There are many risks that students face while abroad; from tragic accidents, illness, and disease to becoming victims of violent crimes. Human trafficking is an international threat facing everyone. While victims of human trafficking come from all walks of life, in particular, individuals belonging to vulnerable populations are often targeted for this method of exploitation. Cultural competency, language barriers, and ignorance as to resources are all factors which contribute to the increased vulnerability of students studying abroad. An institution providing opportunities for international study should develop an effective approach to mitigate the risk of human trafficking through programs designed to enable students to protect themselves and others effectively. This paper comments on best practices for risk management, and explores different avenues and relevant law for increased transparency in study abroad risk. Full article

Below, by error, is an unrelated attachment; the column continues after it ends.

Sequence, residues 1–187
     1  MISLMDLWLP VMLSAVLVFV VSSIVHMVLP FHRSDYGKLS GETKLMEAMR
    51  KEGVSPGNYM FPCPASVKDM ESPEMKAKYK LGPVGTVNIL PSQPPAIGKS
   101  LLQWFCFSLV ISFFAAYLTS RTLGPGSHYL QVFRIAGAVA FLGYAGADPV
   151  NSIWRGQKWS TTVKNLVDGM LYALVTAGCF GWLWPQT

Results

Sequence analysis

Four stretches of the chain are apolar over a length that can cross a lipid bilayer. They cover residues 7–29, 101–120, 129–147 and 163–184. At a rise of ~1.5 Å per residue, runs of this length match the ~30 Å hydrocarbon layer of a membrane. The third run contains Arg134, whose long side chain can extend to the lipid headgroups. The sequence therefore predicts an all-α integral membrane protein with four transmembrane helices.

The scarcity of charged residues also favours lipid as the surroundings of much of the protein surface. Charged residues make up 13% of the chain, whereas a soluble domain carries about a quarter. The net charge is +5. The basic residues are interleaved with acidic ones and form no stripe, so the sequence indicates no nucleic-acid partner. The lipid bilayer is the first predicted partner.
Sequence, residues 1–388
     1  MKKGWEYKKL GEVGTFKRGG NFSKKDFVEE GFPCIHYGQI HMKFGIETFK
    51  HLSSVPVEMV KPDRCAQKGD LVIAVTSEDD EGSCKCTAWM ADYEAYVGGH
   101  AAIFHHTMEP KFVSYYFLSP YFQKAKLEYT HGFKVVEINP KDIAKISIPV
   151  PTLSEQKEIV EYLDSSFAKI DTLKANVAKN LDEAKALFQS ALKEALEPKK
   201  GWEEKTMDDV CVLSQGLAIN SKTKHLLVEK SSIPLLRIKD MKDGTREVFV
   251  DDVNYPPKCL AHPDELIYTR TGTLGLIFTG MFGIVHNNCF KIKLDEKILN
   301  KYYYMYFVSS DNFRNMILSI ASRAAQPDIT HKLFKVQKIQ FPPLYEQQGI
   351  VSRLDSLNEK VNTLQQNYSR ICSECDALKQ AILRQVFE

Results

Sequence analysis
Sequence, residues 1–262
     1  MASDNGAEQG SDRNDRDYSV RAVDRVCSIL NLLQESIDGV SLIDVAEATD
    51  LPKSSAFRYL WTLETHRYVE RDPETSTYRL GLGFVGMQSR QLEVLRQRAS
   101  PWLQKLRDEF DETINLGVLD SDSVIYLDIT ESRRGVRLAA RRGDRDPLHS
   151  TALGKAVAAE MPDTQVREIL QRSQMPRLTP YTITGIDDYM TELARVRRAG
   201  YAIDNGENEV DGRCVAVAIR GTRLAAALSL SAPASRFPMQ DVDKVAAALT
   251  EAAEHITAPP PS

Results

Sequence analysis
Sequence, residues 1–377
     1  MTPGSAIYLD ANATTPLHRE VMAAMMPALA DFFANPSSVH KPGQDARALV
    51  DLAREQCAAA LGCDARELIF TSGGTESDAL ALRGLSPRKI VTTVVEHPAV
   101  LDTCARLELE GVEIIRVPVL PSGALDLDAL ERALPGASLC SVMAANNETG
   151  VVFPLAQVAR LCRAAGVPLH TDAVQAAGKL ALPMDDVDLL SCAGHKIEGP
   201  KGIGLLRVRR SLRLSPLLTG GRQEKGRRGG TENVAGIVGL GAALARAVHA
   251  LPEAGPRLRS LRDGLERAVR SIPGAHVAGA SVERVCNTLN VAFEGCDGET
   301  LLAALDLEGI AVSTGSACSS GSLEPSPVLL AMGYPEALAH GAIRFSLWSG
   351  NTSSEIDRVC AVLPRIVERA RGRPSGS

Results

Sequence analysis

(This article belongs to the Special Issue Law and Higher Education)
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Open AccessConference Report A Primer on Disability Discrimination in Higher Education
Received: 15 March 2018 / Revised: 31 May 2018 / Accepted: 25 June 2018 / Published: 28 June 2018
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Abstract
This article provides an overview of key issues and a focus on some of the most significant and important recent developments that should be given a high priority by university attorneys and higher education administrators and policymakers. It emphasizes the role that administrators